waver

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English[edit]

Etymology[edit]

From Old Norse vafra (to flicker).

Pronunciation[edit]

Verb[edit]

waver (third-person singular simple present wavers, present participle wavering, simple past and past participle wavered)

  1. (intransitive) To sway back and forth; to totter or reel.
    Flowers wavered in the breeze.
    • Ld. Berners
      With banners and pennons wavering with the wind.
    • Sir Walter Scott
      Thou wouldst waver on one of these trees as a terror to all evil speakers against dignities.
  2. (intransitive) To flicker, glimmer, quiver, as a weak light.
  3. (intransitive) To fluctuate or vary, as commodity prices or a poorly sustained musical pitch.
  4. (intransitive) To shake or tremble, as the hands or voice.
    His voice wavered when the reporter brought up the controversial topic.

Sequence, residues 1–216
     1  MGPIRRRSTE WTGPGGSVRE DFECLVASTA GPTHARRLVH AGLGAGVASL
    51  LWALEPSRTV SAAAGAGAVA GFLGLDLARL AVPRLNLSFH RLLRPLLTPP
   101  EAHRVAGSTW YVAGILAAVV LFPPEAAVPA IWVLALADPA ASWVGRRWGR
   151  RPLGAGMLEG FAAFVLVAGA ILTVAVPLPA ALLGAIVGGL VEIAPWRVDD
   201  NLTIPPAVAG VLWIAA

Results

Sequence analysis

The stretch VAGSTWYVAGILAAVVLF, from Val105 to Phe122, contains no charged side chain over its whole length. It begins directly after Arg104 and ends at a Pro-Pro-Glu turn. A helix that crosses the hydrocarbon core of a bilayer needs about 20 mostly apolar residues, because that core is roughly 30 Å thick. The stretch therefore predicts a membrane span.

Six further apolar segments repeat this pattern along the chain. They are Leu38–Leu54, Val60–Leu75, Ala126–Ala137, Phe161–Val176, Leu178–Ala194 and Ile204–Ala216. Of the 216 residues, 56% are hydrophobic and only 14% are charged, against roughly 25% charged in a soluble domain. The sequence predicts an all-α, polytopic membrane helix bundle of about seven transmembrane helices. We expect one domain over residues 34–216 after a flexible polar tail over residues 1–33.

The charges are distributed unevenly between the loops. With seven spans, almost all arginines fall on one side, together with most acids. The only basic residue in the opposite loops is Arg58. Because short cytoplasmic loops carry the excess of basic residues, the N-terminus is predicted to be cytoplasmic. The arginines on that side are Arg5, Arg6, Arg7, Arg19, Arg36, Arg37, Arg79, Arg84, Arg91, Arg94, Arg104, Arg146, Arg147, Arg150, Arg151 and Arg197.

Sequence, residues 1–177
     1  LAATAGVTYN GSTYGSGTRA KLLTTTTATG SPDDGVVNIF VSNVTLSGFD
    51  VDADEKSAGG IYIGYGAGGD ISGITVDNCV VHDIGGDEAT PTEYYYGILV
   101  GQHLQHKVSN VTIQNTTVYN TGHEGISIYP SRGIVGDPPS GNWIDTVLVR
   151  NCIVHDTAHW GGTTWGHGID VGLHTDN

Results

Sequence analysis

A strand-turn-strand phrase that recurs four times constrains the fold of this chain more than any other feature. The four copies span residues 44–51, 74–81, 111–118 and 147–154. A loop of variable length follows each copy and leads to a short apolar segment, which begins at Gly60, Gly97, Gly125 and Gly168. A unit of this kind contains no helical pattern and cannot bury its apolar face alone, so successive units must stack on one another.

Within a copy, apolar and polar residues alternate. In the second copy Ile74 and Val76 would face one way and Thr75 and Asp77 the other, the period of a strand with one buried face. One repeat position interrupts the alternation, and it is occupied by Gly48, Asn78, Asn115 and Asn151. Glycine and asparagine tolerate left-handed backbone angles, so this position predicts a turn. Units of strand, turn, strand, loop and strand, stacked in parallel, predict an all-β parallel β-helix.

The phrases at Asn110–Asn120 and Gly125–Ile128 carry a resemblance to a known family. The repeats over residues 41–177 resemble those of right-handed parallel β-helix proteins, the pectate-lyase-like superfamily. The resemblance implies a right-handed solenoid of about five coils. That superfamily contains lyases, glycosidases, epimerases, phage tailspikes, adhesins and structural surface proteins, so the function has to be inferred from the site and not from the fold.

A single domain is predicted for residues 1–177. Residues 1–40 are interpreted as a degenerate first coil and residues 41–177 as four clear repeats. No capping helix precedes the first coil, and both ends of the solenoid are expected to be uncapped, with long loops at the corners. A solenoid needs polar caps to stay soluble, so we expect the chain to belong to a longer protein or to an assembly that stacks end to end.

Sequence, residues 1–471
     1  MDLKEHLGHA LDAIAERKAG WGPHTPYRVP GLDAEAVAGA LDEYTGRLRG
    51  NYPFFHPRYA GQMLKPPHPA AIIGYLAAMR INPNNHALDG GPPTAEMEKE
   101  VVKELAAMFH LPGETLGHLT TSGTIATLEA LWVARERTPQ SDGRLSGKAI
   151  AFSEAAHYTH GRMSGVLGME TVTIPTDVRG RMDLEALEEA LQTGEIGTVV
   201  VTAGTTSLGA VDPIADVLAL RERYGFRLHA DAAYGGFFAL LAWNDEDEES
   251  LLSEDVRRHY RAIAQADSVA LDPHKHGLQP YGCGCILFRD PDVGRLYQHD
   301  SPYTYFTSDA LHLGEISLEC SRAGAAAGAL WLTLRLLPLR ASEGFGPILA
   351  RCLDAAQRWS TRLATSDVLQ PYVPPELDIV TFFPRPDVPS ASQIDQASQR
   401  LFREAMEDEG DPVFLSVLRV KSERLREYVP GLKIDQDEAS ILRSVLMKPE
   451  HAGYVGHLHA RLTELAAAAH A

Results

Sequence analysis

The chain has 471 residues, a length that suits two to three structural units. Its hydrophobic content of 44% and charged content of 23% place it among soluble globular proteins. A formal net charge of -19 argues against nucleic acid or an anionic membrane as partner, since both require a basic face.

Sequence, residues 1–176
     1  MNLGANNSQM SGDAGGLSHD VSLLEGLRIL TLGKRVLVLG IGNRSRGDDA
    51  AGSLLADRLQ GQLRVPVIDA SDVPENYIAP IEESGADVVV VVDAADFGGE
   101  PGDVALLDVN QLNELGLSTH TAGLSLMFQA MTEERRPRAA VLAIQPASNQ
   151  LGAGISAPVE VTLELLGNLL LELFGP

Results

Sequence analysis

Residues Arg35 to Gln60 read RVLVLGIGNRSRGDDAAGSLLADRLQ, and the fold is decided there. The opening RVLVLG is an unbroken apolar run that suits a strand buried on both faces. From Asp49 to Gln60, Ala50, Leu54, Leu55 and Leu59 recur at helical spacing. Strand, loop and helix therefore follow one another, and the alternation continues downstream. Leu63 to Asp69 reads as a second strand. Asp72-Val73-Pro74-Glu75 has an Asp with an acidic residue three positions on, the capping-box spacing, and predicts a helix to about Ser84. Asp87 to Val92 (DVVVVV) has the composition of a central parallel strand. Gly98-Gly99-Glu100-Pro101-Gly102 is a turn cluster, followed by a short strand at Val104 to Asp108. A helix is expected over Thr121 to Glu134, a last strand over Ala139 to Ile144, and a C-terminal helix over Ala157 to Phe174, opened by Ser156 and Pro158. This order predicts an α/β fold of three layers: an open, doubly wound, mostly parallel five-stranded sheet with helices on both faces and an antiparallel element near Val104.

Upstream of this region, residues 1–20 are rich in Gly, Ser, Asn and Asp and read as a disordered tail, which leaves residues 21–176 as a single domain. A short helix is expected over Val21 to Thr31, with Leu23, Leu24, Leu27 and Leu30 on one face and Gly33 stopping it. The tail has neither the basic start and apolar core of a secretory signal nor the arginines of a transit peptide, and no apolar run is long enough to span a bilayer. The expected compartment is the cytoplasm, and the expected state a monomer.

5. (intransitive) To falter; become unsteady; begin to fail or give way.
    • 1903, Bill Arp, From the Uncivil War to Date
      ...and that when a man was in the wrong his courage wavered, and his nerves became unsteady, and so he couldn't fight to advantage and was easily overcome.
    • 2014, Jacob Steinberg, "Wigan shock Manchester City in FA Cup again to reach semi-finals", The Guardian, 9 March 2014:
      Although they believe they can overhaul their 2-0 deficit, they cannot afford to be as lethargic as this at Camp Nou, and the time is surely approaching when Manuel Pellegrini's faith in Martín Demichelis wavers.
  6. (intransitive) To be indecisive between choices; to feel or show doubt or indecision; to vacillate.

Translations[edit]

Noun[edit]

waver (plural wavers)

  1. An act of wavering, vacillating, etc.
  2. Someone who waves, enjoys waving, etc.
    I felt encouraged by all the enthusiastic wavers in the crowd.
    The Fourth of July brings out all the flag wavers.
    Johnny is such a little waver; everyone who passes by receives his preferred greeting.
  3. Someone who specializes in waving (hair treatment).
  4. A tool that accomplishes hair waving.
  5. (UK, dialect, dated) A sapling left standing in a fallen wood.
    (Can we find and add a quotation of Halliwell to this entry?)

Translations[edit]

See also[edit]